The following is a statement issued by the Israeli journalists unions. Meanwhile, the International Federation of Journalists has issued a statement on its mission to the region which you can read in full here. And journalists in Gaza are also displeased with the IFJ’s mission — read about their concerns here.
The Tel-Aviv Journalists’ Association and the Journalists’ Association in Jerusalem strongly condemn and outrightly reject the inaccurate statement of condemnation issued by the Federation of African Journalists (FAJ) regarding “the rejection by the Israeli government of an entry visa” for Younes Mjahed, Senior Vice President of the IFJ and the President of Syndicat National de la Presse Marocaine (SNPM).
Over three months ago, Aidan White, the General Secretary of the IFJ, informed us that they are “thinking of sending a mission to follow up on the concerns arising from media concerns over the Gaza blockade.” Mr. White also stated: “We shall come to Israel to meet with you both in Tel Aviv and in Jerusalem. We shall also try to go to Gaza and the West Bank to meet with PJS colleagues. The aim will be to focus on the problems for all journalists — local and international — and what can be done to ease the situation.” Mr. White wrote that they are putting together some terms of reference for the mission and that they shall contact us before anything is finalized.
Five weeks ago we received a message from the IFJ, that “there is a plan for an IFJ mission to travel to Palestine on 12-16 September which will also include visiting Jerusalem on 16th and meeting with you”. We expressed our dissatisfaction about the change to the agenda of the mission – leaving us an insufficient time slot to seriously address the issues at hand- and kindly asked to receive, as soon as possible, the terms of reference for the planned mission.
It was only after three more weeks that we received an answer. Under the terms of reference for the mission – sent to us after a considerable delay – we realized that conclusions had already been prepared in advance. Naturally, we could not accept a mission designed to serve political needs, rather than engage the implications of the complex reality of our region on the work of journalists. We asked the Executive Committee to consider re-phrasing the terms, but we received no response.
Unfortunately and above all, the IFJ also failed to inform us that one of the delegates, Mr. Younes Mjahed, is a Moroccan citizen, required to attain a visa prior to arrival in Israel. The latter failed to apply in due course to the relevant authorities for the required visa. After extensive investigation, we found out that his visa application was only submitted last Tuesday (7/9/10), a day before the Jewish New Year, leaving only one working day (!) to process it.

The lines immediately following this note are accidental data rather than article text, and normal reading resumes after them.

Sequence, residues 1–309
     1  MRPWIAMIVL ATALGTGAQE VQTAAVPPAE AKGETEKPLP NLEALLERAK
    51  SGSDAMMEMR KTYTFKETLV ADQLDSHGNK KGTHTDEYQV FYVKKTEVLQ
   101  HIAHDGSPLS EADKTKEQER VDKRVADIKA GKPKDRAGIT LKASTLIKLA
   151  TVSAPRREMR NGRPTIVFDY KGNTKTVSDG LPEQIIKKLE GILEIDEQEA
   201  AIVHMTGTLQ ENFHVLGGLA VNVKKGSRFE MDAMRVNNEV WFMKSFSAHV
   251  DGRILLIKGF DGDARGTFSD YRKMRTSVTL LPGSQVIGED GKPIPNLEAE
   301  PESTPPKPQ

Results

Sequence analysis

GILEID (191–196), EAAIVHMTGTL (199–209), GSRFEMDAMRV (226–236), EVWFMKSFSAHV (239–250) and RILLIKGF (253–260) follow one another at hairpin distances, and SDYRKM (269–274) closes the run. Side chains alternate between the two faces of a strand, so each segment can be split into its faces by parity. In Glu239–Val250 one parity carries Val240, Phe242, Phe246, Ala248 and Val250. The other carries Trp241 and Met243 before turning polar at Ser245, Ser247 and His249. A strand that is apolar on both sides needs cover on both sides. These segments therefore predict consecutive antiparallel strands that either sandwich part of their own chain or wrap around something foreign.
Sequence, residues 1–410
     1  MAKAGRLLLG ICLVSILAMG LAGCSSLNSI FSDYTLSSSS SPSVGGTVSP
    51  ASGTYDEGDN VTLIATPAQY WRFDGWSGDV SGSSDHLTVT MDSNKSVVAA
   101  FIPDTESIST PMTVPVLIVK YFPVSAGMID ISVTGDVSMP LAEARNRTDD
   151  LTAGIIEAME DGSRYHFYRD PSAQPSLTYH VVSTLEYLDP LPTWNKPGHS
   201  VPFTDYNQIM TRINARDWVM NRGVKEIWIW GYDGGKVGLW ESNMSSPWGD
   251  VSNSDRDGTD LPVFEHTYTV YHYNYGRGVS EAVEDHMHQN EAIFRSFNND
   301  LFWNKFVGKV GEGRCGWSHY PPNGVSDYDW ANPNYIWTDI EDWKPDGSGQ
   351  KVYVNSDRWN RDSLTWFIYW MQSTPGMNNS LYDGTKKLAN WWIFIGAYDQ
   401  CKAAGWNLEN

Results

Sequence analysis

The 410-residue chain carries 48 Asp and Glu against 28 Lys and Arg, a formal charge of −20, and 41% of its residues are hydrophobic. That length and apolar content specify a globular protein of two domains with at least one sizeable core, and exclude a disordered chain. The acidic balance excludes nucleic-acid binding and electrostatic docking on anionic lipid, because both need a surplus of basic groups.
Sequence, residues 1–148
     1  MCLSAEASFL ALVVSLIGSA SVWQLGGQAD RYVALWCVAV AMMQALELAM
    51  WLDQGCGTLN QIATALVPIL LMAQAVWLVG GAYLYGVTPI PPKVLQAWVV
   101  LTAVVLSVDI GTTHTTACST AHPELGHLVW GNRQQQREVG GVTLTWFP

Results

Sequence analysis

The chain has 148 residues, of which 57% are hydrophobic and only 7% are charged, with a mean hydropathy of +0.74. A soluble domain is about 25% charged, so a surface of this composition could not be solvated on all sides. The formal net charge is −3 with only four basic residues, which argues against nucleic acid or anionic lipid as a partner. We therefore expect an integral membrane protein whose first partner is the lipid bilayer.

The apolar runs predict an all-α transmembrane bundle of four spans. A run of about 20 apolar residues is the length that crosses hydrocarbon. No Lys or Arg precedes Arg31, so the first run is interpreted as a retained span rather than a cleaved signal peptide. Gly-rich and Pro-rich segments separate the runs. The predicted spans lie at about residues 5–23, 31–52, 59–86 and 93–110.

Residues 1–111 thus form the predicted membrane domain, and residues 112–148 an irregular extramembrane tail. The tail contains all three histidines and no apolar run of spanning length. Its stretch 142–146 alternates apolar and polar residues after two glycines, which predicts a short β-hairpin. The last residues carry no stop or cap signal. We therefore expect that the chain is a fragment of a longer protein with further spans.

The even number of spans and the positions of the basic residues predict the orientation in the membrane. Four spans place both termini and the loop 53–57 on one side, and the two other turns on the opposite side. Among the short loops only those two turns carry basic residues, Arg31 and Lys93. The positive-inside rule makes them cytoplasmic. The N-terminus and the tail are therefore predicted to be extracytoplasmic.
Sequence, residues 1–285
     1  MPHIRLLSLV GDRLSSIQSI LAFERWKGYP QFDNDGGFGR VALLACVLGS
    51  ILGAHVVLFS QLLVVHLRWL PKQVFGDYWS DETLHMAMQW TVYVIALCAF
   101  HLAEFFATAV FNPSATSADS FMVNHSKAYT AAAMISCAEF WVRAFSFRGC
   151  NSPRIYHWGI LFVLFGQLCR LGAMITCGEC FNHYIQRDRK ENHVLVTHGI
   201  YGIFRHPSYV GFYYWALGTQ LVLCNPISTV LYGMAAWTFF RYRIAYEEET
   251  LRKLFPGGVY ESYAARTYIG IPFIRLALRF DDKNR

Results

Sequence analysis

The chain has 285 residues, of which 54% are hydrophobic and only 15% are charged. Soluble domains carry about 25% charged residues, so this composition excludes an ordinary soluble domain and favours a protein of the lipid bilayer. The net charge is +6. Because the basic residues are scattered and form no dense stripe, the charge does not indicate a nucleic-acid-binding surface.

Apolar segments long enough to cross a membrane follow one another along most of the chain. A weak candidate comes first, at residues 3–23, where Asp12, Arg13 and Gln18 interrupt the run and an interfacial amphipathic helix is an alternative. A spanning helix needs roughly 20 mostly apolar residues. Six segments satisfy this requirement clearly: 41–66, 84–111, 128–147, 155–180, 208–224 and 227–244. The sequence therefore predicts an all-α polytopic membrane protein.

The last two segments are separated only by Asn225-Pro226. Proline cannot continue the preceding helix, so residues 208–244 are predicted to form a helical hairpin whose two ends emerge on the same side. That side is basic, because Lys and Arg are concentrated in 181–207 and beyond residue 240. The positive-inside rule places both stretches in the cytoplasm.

Typically and globally, visa application processes takes several weeks. We would like to express sorrow that Mr. Mjahed did not give this vital matter the required attention which naturally impeded his active participation in the IFJ delegation in the West Bank and Israel. We are outraged by FAJ President Omar Faruk Osman’s malicious statement which, not only did not take any responsibility for the unprofessional organization of this delegation but also states that “We can only believe that this is part of a wider campaign of repression against freedom of expression and the movement of journalists carried out steadily by the Israeli regime”.
In this context, it is important to emphasize that the Tel-Aviv Journalists’ Association and the Journalists’ Association in Jerusalem are independent bodies which have never been involved theoretically or actively in any Israeli government policy making and implementation and strongly strive for freedom of expression and movement for all journalists throughout the world.
The NIFJ has proved its willingness, dedication and ability to give a hand to our colleagues, as we did with the Flotilla case.
We are of course aware of the difficulties faced by our colleagues in the Palestinian Authority and we would be delighted to strengthen our relationship with them. However, and to our great sorrow, despite repeated attempts on our part, we have not yet been able to generate a productive dialogue with them. We, therefore, truly hope that the IFJ and its leaders will prioritize this goal and work tirelessly to promote such an open dialogue instead of pursuing a one-sided biased attitude which draws conclusions without objective investigation that not only creates unnecessary tension and hostility but also harms any perspective hope for the reconciliation and the fraternity of the Israeli and the Palestinian journalists.
Journalists Association in Jerusalem
Tel-Aviv Journalists Association